Such other factors, including the tax consequences to each party and the circumstances and factors that contributed to the dissolution, specifically including any ground for divorce, as are necessary to consider the equities between the parties.
Needs and Financial Resources of the Parties
When calculating spousal support, the courts will look at the needs and financial resources of the parties. What does each spouse need, financially, in order to maintain their lifestyle within reason? What sources and potential sources of income does each party have to sustain these needs? Here, the courts will look at income from employment, investment accounts, inheritances, and other general sources of wealth.
Standard of Living
Based on this factor, the Virginia courts like to uphold each spouse’s standard of living in which they have grown accustomed to during the marriage. Ideally, you will wish for your standard of living to remain relatively unchanged both prior to and after your divorce. If you are accustomed to a high standard of living, it follows logically that your spousal support award should be higher. However, there are still a number of factors the court must consider.
Running two households is more costly than one. Once you and your spouse have divorced, money that was once being used to support one household (i.e. one home, one mortgage payment, one utility and electric bill, etc.) is now being stretched to support two – one for each party. The replication of a high standard of living in two households is costly compared to supporting only one. Therefore, it is sometimes not economically feasible to support two households at the established standard of living, due to insufficient funds.
Duration of Marriage
The courts also look at the duration and length of the marriage. This is based on the idea that the longer you are married, the more each party has contributed to the marriage, and to the shared standard of living. This is considered by the court when calculating spousal support.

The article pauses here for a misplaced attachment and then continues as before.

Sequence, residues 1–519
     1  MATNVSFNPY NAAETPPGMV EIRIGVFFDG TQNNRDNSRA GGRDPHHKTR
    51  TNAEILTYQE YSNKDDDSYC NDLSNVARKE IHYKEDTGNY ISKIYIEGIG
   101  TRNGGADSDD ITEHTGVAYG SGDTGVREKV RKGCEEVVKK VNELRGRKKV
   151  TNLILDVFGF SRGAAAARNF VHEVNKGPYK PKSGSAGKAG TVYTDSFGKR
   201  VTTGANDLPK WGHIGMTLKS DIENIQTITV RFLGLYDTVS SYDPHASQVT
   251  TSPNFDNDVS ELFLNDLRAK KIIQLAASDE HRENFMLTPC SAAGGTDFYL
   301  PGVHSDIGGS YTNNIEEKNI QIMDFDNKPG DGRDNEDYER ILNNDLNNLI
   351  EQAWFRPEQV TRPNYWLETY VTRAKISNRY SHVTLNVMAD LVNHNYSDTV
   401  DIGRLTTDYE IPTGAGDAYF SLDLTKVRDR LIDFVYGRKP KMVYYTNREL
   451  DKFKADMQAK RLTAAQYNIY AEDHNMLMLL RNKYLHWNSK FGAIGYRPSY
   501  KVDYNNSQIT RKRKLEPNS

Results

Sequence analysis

Age, Physical, and Mental Condition of the Parties
The age, physical, and mental conditions of the parties comes into consideration as well. Someone who is approaching retirement age or is unable to enter the workforce due to disability is much more likely to receive a higher spousal support award due to inability to obtain a job.
Age, Physical, and Mental Condition of the Children
The age, physical, and mental conditions of children to the marriage are also taken into consideration. If the children are still young and dependent on one parent for supervision, that parent might be unable to enter the workforce or obtain an education to enter the workforce due to having to raise the children.
Contributions to the well-being of the family, both monetary and nonmonetary are considered when calculating spousal support. The court will look at financial contributions to support the family, as well as child rearing contributions to run the household and raise the children.
Property Interests and Marital Property
The court will consider the overall financial resources of each party when calculating spousal support. The more property a party has, the more financial resources they have. Additionally, the marital home can only be awarded to one party in a divorce. The other party will have to find another place to live. With homes being costly, this will be taken into consideration when calculating spousal support.
Earning Capacity, Opportunity for Education, Decisions Regarding Employment and Family, and Extent to Which Each Party Has Contributed to the Other Party Obtaining an Education
Substantial differences in income often exist between the married couple. Differences in parenting responsibilities, opportunity, work ethic, or education level can exacerbate differences. The choice one spouse makes to sacrifice his or her education or career to allow the other spouse’s career to advance may also lead to this discrepancy. Additionally, family choices can lead to a disparity in earning potential. When a couple decides to have children, oftentimes, one parent decides to leave the employment field in order to stay home and care for the children. The interruption of the caregiving parent’s career or education to care for the children also leads to this disparity in income. These factors will be taken into consideration when calculating support.Attorney Van Smith and his colleagues at Smith Strong, PLC can help you in obtaining spousal support in your divorce case. Smith Strong, PLC analyzes and considers these factors in planning your divorce case. Call our firm today for a comprehensive case plan evaluation.
 Va. Code 20-107.1 E.